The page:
On Sept. 30, Noor-ul-Haq Qadri, Pakistan’s minister of religious affairs, brazenly shared a stage with Hafiz Saeed, the founder of the terrorist group Lashkar-e-Taiba, who has been subject to United Nations sanctions dating back a decade thanks to his role in planning and supervising the November 2008 terrorist attacks in Mumbai.
Incidents like this one are emblematic of the policies that have run Pakistan afoul of financial crimes watchdog groups. One of them, the Financial Action Task Force (FATF), had its annual plenary meeting last week in Paris, where it grappled with hard cases such as Pakistan.
FATF was chartered in 1989 by the G7 countries to monitor money laundering and terrorist financing around the world. In the years since it was launched, its membership has grown to almost 40 nations. Among other tools intended to coax countries toward financial transparency, FATF’s blacklist for nations that do not uphold its standards can effectively cut them off from the international financial system.
Pakistan has long been at risk of such censure. From 2012 to 2015, FATF subjected the country to extra monitoring for suspected money laundering and financial dealings with terrorists. The country graduated from this so-called gray list in 2015, after implementing new financial regulations as part of an IMF program—the first it had completed in 20 years. But old habits die hard, especially in a country with a sclerotic bureaucracy and a powerful military that uses militant proxies against its neighbors.
And so, at a February meeting of FATF this year, the United States lobbied to return Pakistan to the task force’s gray list as part of a broader campaign to pressure the country to get serious about rooting out terrorists. Pakistan was initially confident that its remaining allies in FATF, particularly China, would protect it from enhanced scrutiny. At the last minute, though, China supported Pakistan’s downgrade. Pakistan had to acknowledge that it would go back on the gray list in 2018 and would be at risk of falling to the black list in 2019 if it didn’t make serious reforms.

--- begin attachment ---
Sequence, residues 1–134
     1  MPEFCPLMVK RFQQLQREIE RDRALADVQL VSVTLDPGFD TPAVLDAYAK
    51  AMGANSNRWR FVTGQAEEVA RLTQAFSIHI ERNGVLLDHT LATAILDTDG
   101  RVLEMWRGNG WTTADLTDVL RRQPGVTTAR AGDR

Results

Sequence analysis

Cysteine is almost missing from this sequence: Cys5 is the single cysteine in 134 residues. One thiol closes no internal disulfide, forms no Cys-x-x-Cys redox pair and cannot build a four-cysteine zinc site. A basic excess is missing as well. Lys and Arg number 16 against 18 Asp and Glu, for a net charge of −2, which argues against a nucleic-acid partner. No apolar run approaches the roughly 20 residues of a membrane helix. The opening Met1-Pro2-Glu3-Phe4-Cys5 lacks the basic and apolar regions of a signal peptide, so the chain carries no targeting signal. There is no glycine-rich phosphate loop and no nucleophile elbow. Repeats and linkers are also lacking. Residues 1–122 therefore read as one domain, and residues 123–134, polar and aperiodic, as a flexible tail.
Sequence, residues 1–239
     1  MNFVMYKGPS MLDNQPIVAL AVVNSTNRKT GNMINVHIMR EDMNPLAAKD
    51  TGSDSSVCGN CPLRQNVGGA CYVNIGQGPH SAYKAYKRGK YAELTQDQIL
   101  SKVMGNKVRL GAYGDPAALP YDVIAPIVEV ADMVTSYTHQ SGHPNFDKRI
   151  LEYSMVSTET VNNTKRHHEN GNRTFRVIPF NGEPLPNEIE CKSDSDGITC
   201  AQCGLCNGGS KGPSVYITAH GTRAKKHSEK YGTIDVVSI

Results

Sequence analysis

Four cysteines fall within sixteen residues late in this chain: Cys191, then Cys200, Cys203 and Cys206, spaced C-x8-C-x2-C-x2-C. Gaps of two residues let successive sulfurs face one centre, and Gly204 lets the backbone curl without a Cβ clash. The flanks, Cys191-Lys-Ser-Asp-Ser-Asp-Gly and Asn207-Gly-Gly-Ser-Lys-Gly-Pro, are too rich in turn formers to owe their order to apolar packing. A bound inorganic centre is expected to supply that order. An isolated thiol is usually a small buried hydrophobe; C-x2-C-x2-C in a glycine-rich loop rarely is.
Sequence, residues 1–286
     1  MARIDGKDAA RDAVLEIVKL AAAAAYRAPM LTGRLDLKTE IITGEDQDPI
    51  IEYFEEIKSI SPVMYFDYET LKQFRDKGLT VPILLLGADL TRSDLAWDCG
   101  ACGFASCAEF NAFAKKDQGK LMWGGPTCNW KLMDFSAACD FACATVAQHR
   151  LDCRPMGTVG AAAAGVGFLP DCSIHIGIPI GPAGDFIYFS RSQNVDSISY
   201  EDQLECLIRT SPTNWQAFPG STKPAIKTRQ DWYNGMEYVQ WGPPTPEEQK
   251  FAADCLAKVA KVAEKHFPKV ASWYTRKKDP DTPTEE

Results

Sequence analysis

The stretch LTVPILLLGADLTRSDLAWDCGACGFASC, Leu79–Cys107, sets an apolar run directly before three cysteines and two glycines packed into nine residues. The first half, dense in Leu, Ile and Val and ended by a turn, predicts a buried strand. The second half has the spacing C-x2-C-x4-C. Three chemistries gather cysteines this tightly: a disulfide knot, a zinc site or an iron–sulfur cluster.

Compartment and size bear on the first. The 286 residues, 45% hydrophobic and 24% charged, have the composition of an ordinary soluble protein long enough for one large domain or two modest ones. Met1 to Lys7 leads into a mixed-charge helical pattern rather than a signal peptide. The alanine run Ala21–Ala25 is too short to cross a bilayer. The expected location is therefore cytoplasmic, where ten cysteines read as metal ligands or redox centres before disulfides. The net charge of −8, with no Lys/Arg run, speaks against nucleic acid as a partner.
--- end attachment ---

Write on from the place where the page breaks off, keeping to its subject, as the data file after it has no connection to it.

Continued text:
Pakistan was confident that its remaining allies in FATF, particularly China, would protect it from the gray list. At the last minute, though, China supported Pakistan’s downgrade.
That was no small admission. Pakistan is in the middle of a balance of payments crisis and is in desperate need of increased international investment. As long as it is on FATF’s gray list, though, the country will have a hard time accessing commercial borrowing. FATF scrutiny will also factor into Pakistan’s upcoming negotiations with the IMF, which are slated to begin in early November. (The IMF typically insists on progress against FATF benchmarks as part of its programs with gray-list countries.)
In turn, Pakistani Prime Minister Imran Khan has been seeking financing from Pakistan’s traditional friends, Saudi Arabia and China, as a way to reduce the amount of money it will need to take from the IMF and, in turn, lessen the pain of IMF conditionality and austerity. Earlier this week, Saudi Arabia announced that it would offer Pakistan loans totaling $6 billion, but Islamabad will need more than promises—especially at a time when the Saudis are trying to shore up international support in the aftermath of the journalist Jamal Khashoggi’s apparent slaying.
For observers, China’s decision not to protect its ally seemed a welcome surprise. But the move was at least partly strategic. The same month, China was elected to the hold the vice presidency of FATF, its first leadership role since joining the organization in 2007 and a position all but guaranteed to land it the presidency next summer. China needed Indian support to win the seat, and India was only willing to give it if China joined the consensus on downgrading Pakistan to the gray list.
FATF is exactly the kind of technical body that makes the rules-based international order work. It depends on consensus among member states to function. Its ability to monitor hard cases like Pakistan, a long-time frenemy of the United States and a strategic partner of China, is reason for optimism. But the drama surrounding the decision offers two lessons about the future of the rules-based international order.